Turning briefly, then, to the other two women whom Jesus addresses as “Woman” in John’s Gospel, we note first his words to the Woman of Samaria: “Woman, believe me, the hour is coming when neither on this mountain nor in Jerusalem will you worship the Father.” He goes on to say that the hour is coming “when the true worshipers will worship the Father in spirit and truth” (cf. Jn. 4:21-24). That is to say, “true worshipers” will gather from all places, Jews and Gentiles both, and share in “spirit and truth” together as one community. There will be no division between Jews, Samaritans, Greeks (12:20-22), and those of other nations. To this seemingly lowly Samaritan woman, with whom he has discussed such high matters, Jesus reveals himself to be the Messiah (4:25-26). She promptly goes and proclaims to her countrymen, “Come, see a man who told me all that I ever did. Can this be the Christ?” (4:29) The Samaritans then come and listen to Jesus’ word. “They said to the woman, ‘It is no longer because of your words that we believe, for we have heard for ourselves, and we know that this is indeed the Savior of the world’” (4:42). The Samaritan woman, then, resembles “the lady” of 2 John, with her “children following the truth” (2 Jn. 4). Although she is a Samaritan and outside the people of the Jews, she is nevertheless an apt type of that “church” which transcends “in spirit and truth” all such racial and national distinctions, and has its origins in Zoe, “the mother of all the living”, the first mother of all human beings and peoples.

Turning finally to the scene in John 20 with Mary Magdalene, we have an even more striking reminder of Eden. Jesus’ crucifixion and tomb are situated in a garden: “Now in the place where he was crucified there was a garden, and in the garden a new tomb where no one had ever been laid” (19:41). The cross is the true Tree of Life. From it comes zoe-life, symbolized by Jesus’ spirit (breath), blood and water (19:30, 34). When Jesus rises from the dead, he does so in the garden – and it is there that Mary encounters him and mistakes him for the gardener. “Woman,” says Jesus to her, “why are you weeping? Whom do you seek?” (20:15) With these words we have a reversal of Genesis 3:9: “And [Adam and his wife] heard the voice of the Lord God walking in the garden in the afternoon; and both Adam and his wife hid themselves from the face of the Lord God in the midst of the trees of the garden” (LXX). Instead of the Lord God seeking for Adam and his wife, we have Mary Magdalene seeking for the supposedly mislaid or stolen body of Jesus. When she tries to hold him, Jesus says to her, “Do not hold me, for I have not yet ascended to the Father; but go to my brethren and say to them, ‘I am ascending to my Father and your Father, to my God and your God’” (20:17). Up until this point in John’s Gospel, Jesus had referred to the Father as his Father, not “our Father”. With this statement to Mary, he opens wide the door to fully restored union with God – his disciples can now share in his relationship with his God and Father. He is “my Father and your Father too, my God and your God too”.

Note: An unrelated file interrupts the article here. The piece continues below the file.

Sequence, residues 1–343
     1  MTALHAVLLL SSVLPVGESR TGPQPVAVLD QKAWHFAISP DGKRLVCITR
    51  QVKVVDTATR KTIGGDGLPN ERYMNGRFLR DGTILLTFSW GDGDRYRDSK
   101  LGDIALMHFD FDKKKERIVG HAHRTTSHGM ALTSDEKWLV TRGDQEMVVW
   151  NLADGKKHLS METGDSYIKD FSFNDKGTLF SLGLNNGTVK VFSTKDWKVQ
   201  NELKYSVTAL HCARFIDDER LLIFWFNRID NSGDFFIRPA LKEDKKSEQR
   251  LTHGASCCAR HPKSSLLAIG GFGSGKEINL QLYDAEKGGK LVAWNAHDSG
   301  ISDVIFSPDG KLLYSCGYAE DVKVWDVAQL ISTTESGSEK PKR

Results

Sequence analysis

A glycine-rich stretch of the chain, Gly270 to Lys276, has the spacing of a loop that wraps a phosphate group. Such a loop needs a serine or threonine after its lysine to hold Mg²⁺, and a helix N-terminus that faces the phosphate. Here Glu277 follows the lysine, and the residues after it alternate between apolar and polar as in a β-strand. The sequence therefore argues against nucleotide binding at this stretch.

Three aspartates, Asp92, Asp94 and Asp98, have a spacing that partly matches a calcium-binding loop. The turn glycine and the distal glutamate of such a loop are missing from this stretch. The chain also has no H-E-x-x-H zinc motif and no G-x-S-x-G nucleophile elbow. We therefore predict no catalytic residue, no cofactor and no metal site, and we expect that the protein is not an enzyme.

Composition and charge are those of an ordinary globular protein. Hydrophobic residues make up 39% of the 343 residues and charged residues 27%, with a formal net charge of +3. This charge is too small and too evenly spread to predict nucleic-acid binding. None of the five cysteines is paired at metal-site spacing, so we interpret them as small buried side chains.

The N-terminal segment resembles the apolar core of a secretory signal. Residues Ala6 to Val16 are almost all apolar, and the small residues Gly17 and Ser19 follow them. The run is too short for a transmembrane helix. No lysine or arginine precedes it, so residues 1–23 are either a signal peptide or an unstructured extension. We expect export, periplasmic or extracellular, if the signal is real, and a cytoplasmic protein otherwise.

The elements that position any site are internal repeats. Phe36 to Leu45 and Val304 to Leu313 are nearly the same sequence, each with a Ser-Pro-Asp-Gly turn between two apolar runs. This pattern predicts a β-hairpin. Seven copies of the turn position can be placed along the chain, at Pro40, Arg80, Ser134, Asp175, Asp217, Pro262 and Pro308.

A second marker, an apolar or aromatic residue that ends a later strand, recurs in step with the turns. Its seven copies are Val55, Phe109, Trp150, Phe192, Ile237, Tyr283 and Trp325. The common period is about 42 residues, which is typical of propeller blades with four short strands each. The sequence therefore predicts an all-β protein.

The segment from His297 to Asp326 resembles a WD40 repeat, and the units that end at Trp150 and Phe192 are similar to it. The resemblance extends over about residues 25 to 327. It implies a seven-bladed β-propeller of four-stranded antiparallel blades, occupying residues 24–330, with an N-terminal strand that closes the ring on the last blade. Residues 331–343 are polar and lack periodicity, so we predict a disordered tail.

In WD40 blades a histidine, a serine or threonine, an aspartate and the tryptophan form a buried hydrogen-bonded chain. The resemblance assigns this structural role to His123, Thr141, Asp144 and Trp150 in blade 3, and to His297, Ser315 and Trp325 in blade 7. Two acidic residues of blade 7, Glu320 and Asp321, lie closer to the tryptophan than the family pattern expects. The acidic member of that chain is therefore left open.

The expulsion from the Garden in Genesis 3 is undone in this garden, and the message is conveyed through “the woman” to his community of disciples. We are then told that Mary, just as the Samaritan woman had gone to her countrymen, “went and said to the disciples, ‘I have seen the Lord’” (20:18). Once again, we have “the lady” who gathers together the “children”, this time emerging from the garden in which she was first seeking and then walking with the Lord.

* * *

Let me sum up all that we have seen above as simply as I can:

(1) “The Woman” in travail in John 16:21 is intended to remind us of: (a) the first woman, called Zoe in the Greek version of the Old Testament, who is the “mother of all the living”, and thus the mother of all peoples and the church; and (b) an “icon” of the community of Jesus (the church), and the same as “the lady” with her “children” in 2 John.

(2) When Jesus calls his mother, the Samaritan Woman, and Mary Magdalene “Woman”, he is associating them with “the Woman” of 16:21 and all that she symbolizes.

John’s “code” is about the identity of Jesus, but also about the identity of the Christian community. His vision of that identity is that the disciples of Jesus constitute a true and awakened humanity. They are “the living”, rescued from the threat of “perishing” (3:16-17). In his Gospel he symbolically takes his readers back to the Garden and – there – directly to the cross and empty tomb of Christ. He wants them to see themselves as partakers of the fruit of the Tree of Life (Christ) and enjoying the union with God that was once forfeited.